It was also a huge problem, because what makes a game FUN is characters interacting and having conflicts and resolving them and being PEOPLE. And Genesis wasn't that. She was an interesting character, a fascinating one for me in fact, but she wasn't fun. Because so much of what she did was abstract and removed from the world, and designed to create ripples and waves and mid-to-long term perturbations that would resolve ongoing global conflicts that she very rarely actually talked to anyone. And when she did, she didn't have much to say. No one else in the game was operating on the 'wavelength' she was on. And frankly, I don't think anyone else could have. Not because of stats or anything, but just because her plans were as deeply personal as they were global in scope. They were about clearing her conscience, so she could move forward with her own transcendence with no regrets and no lingering doubts. The challenge, the conflict, and the resolution where entirely confined to her own head, her own heart, and the extent to which she could work her will on the world and those in it.

 

When working with other people became not just extraneous but actually counter to her goals, it just kind of all became a sort of solo story couched within the larger framework of the game's setting. A solo story that only interacted with the game in sometimes tenuous ways.

 

And it got boring. Really boring. Interesting, but boring.

 

I don't know if that's something any high power game of Aberrant (or any other game that allows deific power ceilings) is doomed to encompass, and I don't know if others had the same issues I did. Genesis was not like most of the other characters as far as I could see, in terms of her ambitions and the stage on which she worked. But I suspect that creeping alienation that oozed in the gaps between omnipotent people working in their own private sandboxes took it's toll on us all, if in different ways.

 

Perhaps more involvement from the GM could have helped, at least for a time. Complications that hooked PCs and dragged several into the same problem would have helped. Complications that set PCs at odds with one another, forcing them to compromise or conflict would have been interesting. But I recognize too that doing that would have required a LOT of work, and mountains of creativity, and the ability to out-think pretty much everyone on a fairly routine basis. I don't know how realistic that is to expect of anyone.

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A lot of the issues you've mentioned here reach across the game systems and afflict every game that allows god-like power gains.  I ran a D3.5 game fro level 1 to the point of epic levels in excess of 40 and ran into more or less the same issues.  Once you go beyond level 25 a character is like unto a demigod walking the earth and is utterly unassailable by common peoples as well as almost anything in the basic Monstrous Manual.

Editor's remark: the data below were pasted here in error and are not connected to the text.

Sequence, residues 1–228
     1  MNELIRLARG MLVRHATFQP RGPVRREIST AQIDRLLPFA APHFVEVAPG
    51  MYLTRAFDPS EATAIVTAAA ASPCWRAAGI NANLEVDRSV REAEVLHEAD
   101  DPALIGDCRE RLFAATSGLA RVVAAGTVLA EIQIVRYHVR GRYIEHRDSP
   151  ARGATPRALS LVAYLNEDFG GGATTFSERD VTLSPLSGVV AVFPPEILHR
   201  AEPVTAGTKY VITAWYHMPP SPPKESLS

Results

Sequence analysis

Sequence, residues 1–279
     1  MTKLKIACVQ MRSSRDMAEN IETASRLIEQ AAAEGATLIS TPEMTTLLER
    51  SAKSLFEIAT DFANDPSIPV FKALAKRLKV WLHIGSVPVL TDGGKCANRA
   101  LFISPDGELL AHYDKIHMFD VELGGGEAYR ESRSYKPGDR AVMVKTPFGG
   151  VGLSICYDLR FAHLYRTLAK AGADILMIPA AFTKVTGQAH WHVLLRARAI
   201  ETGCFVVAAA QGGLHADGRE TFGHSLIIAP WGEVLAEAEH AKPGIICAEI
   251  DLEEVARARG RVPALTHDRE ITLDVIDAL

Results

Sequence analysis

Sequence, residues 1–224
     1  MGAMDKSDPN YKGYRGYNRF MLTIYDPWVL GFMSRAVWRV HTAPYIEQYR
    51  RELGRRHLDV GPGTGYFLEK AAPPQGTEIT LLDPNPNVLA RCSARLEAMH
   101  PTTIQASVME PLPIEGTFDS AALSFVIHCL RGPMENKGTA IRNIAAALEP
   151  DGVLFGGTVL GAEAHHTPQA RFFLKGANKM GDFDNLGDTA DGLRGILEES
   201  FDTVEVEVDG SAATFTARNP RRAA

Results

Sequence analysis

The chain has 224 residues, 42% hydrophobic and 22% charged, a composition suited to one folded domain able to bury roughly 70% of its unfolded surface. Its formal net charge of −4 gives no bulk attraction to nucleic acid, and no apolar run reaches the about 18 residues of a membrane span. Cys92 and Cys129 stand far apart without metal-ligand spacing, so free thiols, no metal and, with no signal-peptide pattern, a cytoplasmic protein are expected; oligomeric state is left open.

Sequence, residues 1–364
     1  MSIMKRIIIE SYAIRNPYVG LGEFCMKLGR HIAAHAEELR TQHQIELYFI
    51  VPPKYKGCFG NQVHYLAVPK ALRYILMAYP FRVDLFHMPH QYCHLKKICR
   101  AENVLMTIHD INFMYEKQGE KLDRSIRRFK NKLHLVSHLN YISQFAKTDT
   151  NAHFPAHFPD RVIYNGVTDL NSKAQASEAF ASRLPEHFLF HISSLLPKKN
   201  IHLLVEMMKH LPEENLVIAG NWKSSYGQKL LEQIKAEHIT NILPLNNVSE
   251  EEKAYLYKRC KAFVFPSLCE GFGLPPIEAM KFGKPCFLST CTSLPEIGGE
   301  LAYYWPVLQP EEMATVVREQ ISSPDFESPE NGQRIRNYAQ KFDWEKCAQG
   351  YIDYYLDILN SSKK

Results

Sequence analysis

1- What were the problems with playing high-powered novas - 2ndGen or otherwise - that you encountered? Were they due to the geopolitical situation of Earth in Aberrant regarding powerful novas, or something else?

 

Everything Puck just said regarding hi-level novas (or anything else) applies here.  Once you reach godlike levels of power, mere mortals have no value or meaning.  once you have the power to leave the world behind and take over/terraform/CREATE others, the Earth is just a ball of dirt. No mortal organization is going to stand up to a handful of mildly irritated nova-gods.  And no mere mortal will EVER be as perceptive or clever as a nova super-genius so it doesn't matter how subtle or tricky they are, they WILL be found out and quickly.

 

2- What do you suggest that a Storyteller could do to fix those problems?

 

The only viable opposition to a hi-level nova is another hi-level nova.  An ST must be aware of that before they begin so they can start grooming these nemeses early, or end the game before it gets to that point.

 

3- If not everyone was getting the type and level of role-playing action they desired, what could a Storyteller do - either before the gaming begins or during it - to fix that?

 

There is no easy answer to this question, because there are no ideal game situations.  If an ideal situation existed, you could separate the combat monkeys into one group, the politicos into another, etc... and then cater each game to that specific character need.

 

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OK, that gives me some concrete points to work with (and confirms some of my suspicions). Many thanks for that! Once I distill all this down to the absolute basics, hammering out the last part of Chapter 3 should not take very long.

 

That said, if anyone else wants to give further feedback on this, please do so! I'll be checking this thread every so often as I work on this material.

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Also, I'm finding I like the concept of what Krul is doing with Paragons - keeping it high-powered, but capped at Q5 for PCs - and emphasizing theme a bit more to prevent power bloat across the board.

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I think the most important thing to remember about having a high bar for a game, is to encourage players to stick to a concept, but also to grow "laterally" along that theme, not just trying to find every "I Win" button they can grab and toss > 5 dots into.

Paragons seems to be a game like that... why I'm looking forward to it. :D

 

Also, as an addendum: I've thought if I ever did a high-power Aberrant game, I'd design it where people have what they want for the most part, but there would be no further advancement in XP.

Might create some design forethought with that idea...

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General announcement: Many thanks to you all, the writing has re-commenced. I think I've got everything I need to hammer out some useful rudimentary guidelines for Storyteller attempting to run high-powered Aberrant chronicles. That will finish the writing for Chapter 3 (Storytelling). After that's done, all that's left is to finish up the "Extrasolar Space" section of Chapter 2 (Sojourns In Spacetime) & Appendices #2 (Telluric Weirdness/Fortean Events), #3 (The Discarnate) & #4 (The Doyen). Minor additions to Chapter 4 (New Powers & Stuff) will also be made as needed.